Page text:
Apollo & Minerva Denarius Pendant

Item #7410
$640.00

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  • Obverse: Apollo with Thunderbolt
  • Reverse: Minerva Driving Chariot
  • Date: 84 BC, Grade: Very Fine
  • Mint: Rome, Roman Republic. Moneyer: C. Licinius L.F. Macer
  • Silver Denarius Coin in 14k Gold Pendant
  • Framed Coin Size: 25mm Diameter, Weight 7.5g
  • Size Chart

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Description:

The silver denarius coin was first introduced as currency in the 3rd century BC. It became the principal denomination in the Roman World for the next 5 centuries and one denarius was around two days' pay for a Legionnaire. This silver denarius coin, minted in Rome by moneyer C. Licinius L.F. Macer in 84 BC, features the Roman god Apollo hurling a thunderbolt.
Apollo was the patron god of archers, the god of light, truth and prophecy; music, poetry, and the arts. Medicine and healing were also associated with Apollo and he was seen as a god who had the ability to cure. During a period of pestilence in the 430s BC, Apollo's first temple at Rome was built in the Flaminian fields. Over the centuries Apollo became one of the chief gods of Rome. After the battle of Actium in 31 BC, Augustus erected a new temple to Apollo, dedicated a portion of the spoils to him and instituted annual games in his honor.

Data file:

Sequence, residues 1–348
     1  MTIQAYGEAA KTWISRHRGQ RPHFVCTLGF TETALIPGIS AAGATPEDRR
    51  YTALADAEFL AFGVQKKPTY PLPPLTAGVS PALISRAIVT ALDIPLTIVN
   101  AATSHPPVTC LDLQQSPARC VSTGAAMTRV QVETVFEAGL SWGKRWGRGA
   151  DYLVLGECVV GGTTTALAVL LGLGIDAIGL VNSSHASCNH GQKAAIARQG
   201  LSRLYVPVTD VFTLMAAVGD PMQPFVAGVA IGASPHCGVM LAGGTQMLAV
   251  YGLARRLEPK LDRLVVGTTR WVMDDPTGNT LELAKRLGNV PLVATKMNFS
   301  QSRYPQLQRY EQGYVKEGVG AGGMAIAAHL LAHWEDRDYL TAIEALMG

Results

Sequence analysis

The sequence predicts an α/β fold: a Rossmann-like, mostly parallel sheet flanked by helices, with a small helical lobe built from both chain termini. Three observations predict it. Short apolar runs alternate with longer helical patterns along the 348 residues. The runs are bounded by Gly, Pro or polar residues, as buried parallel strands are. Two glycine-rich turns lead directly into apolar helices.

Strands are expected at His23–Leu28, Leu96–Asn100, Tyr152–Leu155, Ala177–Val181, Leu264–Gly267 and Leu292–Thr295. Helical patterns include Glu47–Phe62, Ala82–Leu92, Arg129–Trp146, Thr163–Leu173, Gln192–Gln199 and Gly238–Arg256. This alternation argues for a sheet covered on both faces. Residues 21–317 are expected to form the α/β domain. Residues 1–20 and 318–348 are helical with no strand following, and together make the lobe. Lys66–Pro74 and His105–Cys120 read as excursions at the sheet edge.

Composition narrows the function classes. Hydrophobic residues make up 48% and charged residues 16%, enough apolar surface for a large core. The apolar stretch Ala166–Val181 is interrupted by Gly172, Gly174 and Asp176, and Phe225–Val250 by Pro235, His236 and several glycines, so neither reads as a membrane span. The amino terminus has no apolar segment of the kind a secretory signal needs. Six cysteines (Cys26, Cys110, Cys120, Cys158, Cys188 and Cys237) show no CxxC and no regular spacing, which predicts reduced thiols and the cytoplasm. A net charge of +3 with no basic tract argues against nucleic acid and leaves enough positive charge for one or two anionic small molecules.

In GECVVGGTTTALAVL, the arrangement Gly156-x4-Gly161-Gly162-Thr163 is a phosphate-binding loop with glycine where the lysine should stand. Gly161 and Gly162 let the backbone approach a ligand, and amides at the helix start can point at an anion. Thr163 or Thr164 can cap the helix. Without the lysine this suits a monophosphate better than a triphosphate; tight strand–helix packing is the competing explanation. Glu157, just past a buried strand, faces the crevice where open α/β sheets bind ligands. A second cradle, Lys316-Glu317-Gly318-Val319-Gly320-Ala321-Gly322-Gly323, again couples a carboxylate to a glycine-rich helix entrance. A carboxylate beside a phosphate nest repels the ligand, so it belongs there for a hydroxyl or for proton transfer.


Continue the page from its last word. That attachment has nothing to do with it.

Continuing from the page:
Minerva, is shown on the reverse of this coin, driving a galloping quadriga or 4 horse chariot, while holding a spear and shield. She was a major Roman deity and was equated with the Greek goddess Athena. Minerva was the virgin goddess of poetry, medicine, wisdom, commerce, weaving, crafts, magic, and the inventor of music. In Rome, Minerva was worshipped on the Capitoline Hill as one of the Capitoline Triad, along with her father Jupiter and Juno.